Thursday, April 17, 2014
By BOB HUMPHREY
(Continued from page 1)
A male eastern coyote snarls in its pen at the A.E. Howell Wildlife Conservation Center in Amity. In northern and eastern Maine, coyote predation is above the level that deer populations can withstand and remain healthy. But they also have a beneficial role.
The Associated Press
In northern and eastern Maine at least, coyote predation is above the level that deer populations can withstand and still remain healthy. In other areas it's not that bad, yet. But the impact is measurable and more significant than it's ever been.
There is a political side to wildlife management as well. One cannot overlook the fact that nearly all wildlife conservation is funded through the sale of hunting and fishing licenses. And according to the most recent federal survey, deer hunters comprise more than 80 percent of all hunters 16 years and older.
Take away the deer, hunters go away and funding for everything from bog turtles to butterflies goes with them. In an indirect way, maintaining healthy deer herds is vital to the perpetuation of all wildlife conservation efforts nationwide.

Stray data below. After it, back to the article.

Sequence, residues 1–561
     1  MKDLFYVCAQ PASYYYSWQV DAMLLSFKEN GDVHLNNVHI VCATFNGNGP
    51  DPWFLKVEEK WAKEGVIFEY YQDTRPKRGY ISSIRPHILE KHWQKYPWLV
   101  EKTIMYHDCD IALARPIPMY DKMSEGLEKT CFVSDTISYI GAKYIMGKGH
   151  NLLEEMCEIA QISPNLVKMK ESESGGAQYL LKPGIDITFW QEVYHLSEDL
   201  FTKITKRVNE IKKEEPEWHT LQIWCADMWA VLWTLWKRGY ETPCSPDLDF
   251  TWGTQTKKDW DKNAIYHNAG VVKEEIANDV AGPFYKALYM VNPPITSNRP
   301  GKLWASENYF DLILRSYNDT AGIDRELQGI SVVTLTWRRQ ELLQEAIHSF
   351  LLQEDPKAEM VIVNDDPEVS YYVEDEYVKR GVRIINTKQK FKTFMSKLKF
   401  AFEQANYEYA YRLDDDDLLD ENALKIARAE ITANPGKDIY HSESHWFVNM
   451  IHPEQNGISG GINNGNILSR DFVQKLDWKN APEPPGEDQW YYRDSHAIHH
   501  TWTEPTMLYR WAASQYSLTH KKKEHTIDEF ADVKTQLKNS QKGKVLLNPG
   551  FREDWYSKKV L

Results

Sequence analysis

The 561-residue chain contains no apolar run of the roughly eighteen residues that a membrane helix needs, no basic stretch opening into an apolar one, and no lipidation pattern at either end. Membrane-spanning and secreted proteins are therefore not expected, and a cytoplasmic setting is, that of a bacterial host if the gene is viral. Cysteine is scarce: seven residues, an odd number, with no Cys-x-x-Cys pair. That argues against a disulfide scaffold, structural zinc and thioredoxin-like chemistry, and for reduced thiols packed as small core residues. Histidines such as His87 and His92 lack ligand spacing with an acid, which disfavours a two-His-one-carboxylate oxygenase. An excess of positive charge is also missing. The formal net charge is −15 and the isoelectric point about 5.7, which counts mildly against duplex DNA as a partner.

Just as Leopold's mountain needs wolves, Maine needs coyotes. Relative newcomers on a geologic time scale, they are none the less now a part of our wild fauna. pursuing deer, they keep individuals wild and wary, and by culling the sick and the weak they keep the herd healthy.
But the mountain needs deer too, as both a part of our wildlife community and a commercial recreational resource.
When predator and prey populations co-exist harmoniously, we can subscribe to the philosophical musings of Leopold's "Sand County Almanac." But when systems become grossly unbalanced, it's time to follow the prescriptions from another of his masterpieces: "Game Management."
Bob Humphrey is a freelance writer, Registered Maine Guide and certified wildlife biologist. He can be contacted at: